• Step 4: Thumb pot and coils Learning objectives. By the end of the lesson you will feel confident in using two sculpting techniques: creating a thumb pot and building with coils. You will also learn how to join two pieces of clay together using the score and slip technique. Learning outcomes. By the end of two lessons you will have created a thumb pot as a base and added at least two coils. Glossary: Clay moist earth of decomposed rock Wedge technique to take the air out of clay. Slab a piece of clay that has been rolled out to a specific thickness. Score scratch into the surface of the clay. Slip a mixture of clay and water. Pinch / thumb pot A pot created by pushing your thumb into a ball of clay and pinching the walls out. Coil clay rolled into a sausage shape approximately the thickness of your thumb.
  • Modeling clay into a pinch pot.
  • Make sure that your pot builds straight up. If it becomes wider as you build it you might end up with a bowl! If this happens, call your teacher immediately.
  • Step 5: Coil pot stage 2 Learning objectives: Develop your control of the media; Use tools and techniques confidently to make sure that your pot builds up vertically; Understand how to trouble shoot any problems should your pot start to become narrower or wider as you add coils. Learning outcomes. By the end of each lesson you should attempt to add two or three coils to your clay pot. Glossary: Slab a piece of clay that has been rolled out to a specific thickness. Score scratch into the surface of the clay. Slip a mixture of clay and water. Pinch / thumb pot A pot created by pushing your thumb into a ball of clay and pinching the walls out. Coil clay rolled into a sausage shape approximately the thickness of your thumb. Clay kidney Tool used to smooth the surface of the clay.
  • Step 6: Moulding the animal head Learning objectives. By the end of the session you will: Understand how to sculpt clay into a recognisable animal head; Have developed your design so that the head is positioned appropriately on the pot. Learning outcomes. By the end of the session you will have: Made the head of your animal and hollowed it out; Connected the head to the pot using the score and slip technique. Glossary: Slab a piece of clay that has been rolled out to a specific thickness. Score scratch into the surface of the clay. Slip a mixture of clay and water. Pinch / thumb pot a pot created by pushing your thumb into a ball of clay and pinching the walls out. Coil clay rolled into a sausage shape approximately the thickness of your thumb. Clay kidney tool used to smooth the surface of the clay. Wire ended tool Tool used for hollowing out clay.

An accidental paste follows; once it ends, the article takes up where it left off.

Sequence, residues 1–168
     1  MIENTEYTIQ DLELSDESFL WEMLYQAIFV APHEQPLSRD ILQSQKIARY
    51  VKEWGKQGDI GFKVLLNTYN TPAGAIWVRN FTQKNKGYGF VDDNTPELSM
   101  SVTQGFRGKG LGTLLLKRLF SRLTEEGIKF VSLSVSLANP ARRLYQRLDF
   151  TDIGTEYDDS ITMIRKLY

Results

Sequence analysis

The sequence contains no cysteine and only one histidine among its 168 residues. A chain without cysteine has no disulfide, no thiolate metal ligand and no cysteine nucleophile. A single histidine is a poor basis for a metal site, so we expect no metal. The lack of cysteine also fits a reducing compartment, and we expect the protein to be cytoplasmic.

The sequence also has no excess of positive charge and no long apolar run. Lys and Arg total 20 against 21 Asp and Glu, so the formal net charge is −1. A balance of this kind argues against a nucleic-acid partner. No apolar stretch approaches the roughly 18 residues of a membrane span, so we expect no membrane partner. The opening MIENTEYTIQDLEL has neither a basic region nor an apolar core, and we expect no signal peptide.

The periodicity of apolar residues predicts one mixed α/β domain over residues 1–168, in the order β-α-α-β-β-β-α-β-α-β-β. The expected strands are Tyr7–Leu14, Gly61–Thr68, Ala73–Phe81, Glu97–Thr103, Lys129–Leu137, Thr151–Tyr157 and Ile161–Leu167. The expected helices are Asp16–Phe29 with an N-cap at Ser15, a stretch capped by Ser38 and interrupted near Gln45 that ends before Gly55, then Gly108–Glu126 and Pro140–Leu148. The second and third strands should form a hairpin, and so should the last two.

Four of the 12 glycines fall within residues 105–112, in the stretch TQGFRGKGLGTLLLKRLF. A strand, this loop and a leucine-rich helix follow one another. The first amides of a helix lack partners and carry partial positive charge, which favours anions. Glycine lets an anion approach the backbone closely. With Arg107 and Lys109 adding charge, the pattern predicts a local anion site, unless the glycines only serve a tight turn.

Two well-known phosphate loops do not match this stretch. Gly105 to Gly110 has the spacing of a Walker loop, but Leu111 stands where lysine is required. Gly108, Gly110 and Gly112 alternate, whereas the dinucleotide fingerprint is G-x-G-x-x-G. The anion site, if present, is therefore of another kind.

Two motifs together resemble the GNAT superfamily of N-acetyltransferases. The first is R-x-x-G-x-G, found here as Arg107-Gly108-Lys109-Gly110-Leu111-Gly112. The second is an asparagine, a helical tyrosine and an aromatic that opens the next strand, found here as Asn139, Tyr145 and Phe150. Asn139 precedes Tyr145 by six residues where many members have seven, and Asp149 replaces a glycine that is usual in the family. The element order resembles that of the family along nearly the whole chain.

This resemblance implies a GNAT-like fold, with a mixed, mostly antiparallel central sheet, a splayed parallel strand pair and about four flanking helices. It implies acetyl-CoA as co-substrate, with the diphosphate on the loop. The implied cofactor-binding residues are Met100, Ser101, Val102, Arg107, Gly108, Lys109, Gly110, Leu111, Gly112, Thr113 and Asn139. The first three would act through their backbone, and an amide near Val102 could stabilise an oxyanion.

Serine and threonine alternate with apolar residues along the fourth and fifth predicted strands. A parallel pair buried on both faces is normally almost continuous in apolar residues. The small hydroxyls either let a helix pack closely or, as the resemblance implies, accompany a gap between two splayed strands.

• Click on the separate images to see how you can make: A jackal and the falcon and ……………..the human and the baboon. Think carefully how your head is positioned on your pot. Snakes, tentacles, ears and tails can wrap around the body of the pot.
  • Step 6: Decorating your clay pot. Remember this? Use a combination of these techniques to decorate your pot Learning objectives. By the end of the session you will: Be able to use a combination of decorative techniques to add texture and pattern to your sculpture. Learning outcomes. By the end of the session you will have: Covered your pot in patterns that show both an Egyptian reference and the texture of the animal you created.
  • Step 7: Glazing your pot. Remember this #2? Experiment with the glazes on the tile you made earlier in the project. Investigate mixing new colours or limiting your palette. Learning objectives. By the end of the session you will: Be confident in mixing glazes and recreating the textures you hope to use on your final pot. Learning outcomes. By the end of the session you will have: Experimented with different brush marks, layering and colours; Annotated your experiments in your sketchbook so that you remember what you did when your fired tile is returned to you.
  • Step 8: Paint your canopic jar. Learning objectives. By the end of the session you will: Use the knowledge from glazing your ceramic tile to recreate the colours and textures in your design. Learning outcomes. By the end of the session you will have painted your pot accurately, adding detail carefully and using black SPARINGLY! Glossary: Clay moist earth of decomposed rock Wedge technique to take the air out of clay. Slab a piece of clay that has been rolled out to a specific thickness. Leatherhard unfired clay not quite dry but firm enough to carve. Greenware dried out, unfired clay. Firing baking clay at a high temperature. Bisque clay after first firing. Kiln furnace that fires the clay. Glaze finely ground mineral solution, turns to glass when fired